From All Africa.
Bill Gates spoke about how agriculture can help children’s health in Africa in an interview with Daily Trust following a recent nutrition summit in London.
The Gates Foundation has committed $100 million in added funding between now and 2020 for nutrition and $300 million more on agriculture beyond what was already committed, Gates said.
The summit focused on children’s nutrition and the huge negative effect poor nutrition has on kids, including avoidable deaths from diarrhea and pneumonia. Even if malnourished children survive, Gates said, in some cases their brains don’t fully develop, and that’s a tragedy for them and their country, according to a report in All Africa.
“We had a lot of experts (at the summit),” Gates said in the interview. “The Gates Foundation committed new resources, the United Kingdom committed a lot more resources, Earth Foundation, Children’s Investment Fund Foundation committed new resources.”
Asked his reaction to the criticism that this alliance on nutrition is simply a new wave of colonialism that will stifle smallholder farmers, Gates said, “Well, giving nutrition to young children so they don’t die seems like a universal value to us…this is about saving lives.”
The Gates Foundation is a strong backer of Alliance for a Green Revolution, Gates said in the report. AGRA was founded in 2006 through a partnership between the Rockefeller Foundation and the Bill & Melinda Gates Foundation. AGRA Vice President Akinwunmi Adesina, a Nigerian, attended the summit.
The Gates Foundation is involved in making sure that new seeds become available, for example, with cassava. “We are involved in helping Nigeria step up the regulatory safety reviews,” he said, according to All Africa.
Asked if he was concerned that corruption could affect some of the investments the foundation is making in Nigeria, Gates said, “We invest in helping get the primary healthcare system fixed so that the kids in Nigeria get their routine immunization. We invest in the polio campaign because we are very close to eradication and Nigeria is one of the three last (remaining countries in the world with endemic polio transmission) and we are making some progress; we just committed a huge amount of money to the final campaign. One thing we do is to bring the vaccines into the country, so they’ve already been purchased through UNICEF, and then we track where they go.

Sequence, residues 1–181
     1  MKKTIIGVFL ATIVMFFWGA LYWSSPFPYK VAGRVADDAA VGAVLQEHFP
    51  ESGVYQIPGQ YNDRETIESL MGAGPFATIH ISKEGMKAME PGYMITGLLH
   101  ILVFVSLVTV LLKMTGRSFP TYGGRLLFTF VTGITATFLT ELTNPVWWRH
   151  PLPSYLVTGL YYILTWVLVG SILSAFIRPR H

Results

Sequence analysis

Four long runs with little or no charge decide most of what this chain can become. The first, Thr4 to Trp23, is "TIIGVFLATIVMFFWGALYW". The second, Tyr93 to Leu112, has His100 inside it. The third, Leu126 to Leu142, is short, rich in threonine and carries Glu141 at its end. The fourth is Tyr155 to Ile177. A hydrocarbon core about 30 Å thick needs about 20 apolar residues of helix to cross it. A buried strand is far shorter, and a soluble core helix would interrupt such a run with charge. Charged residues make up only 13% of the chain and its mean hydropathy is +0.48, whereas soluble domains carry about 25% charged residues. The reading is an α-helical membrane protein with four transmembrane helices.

“Mostly we operate at the technical level. So while we are concerned about corruption, we haven’t in our programs run into it directly.”
Gates credited World Health Organization, UNICEF, the United Nations Childrens Fund, for helping reduced polio in Nigeria. Nigeria, Pakistan and Afghanistan are the only three countries where endemic transmission occur, according to UNICEF.
The quality of the polio eradication campaign in Nigeria has improved, Gates said in All Africa. “There have been new people brought in so that we monitor the campaign in different ways; we use satellite maps to make sure were are not missing any villagers or migratory people. The big part of a concern right now is that up in the Northeast where you have a state of emergency, Borno, Yobe and Adamawa, the question is will they be able to do the campaigns up there? So there has been some interruption and that will be a problem because polio could get loose there. But we do feel like there is progress and we hope the insecurity doesn’t reverse that progress.”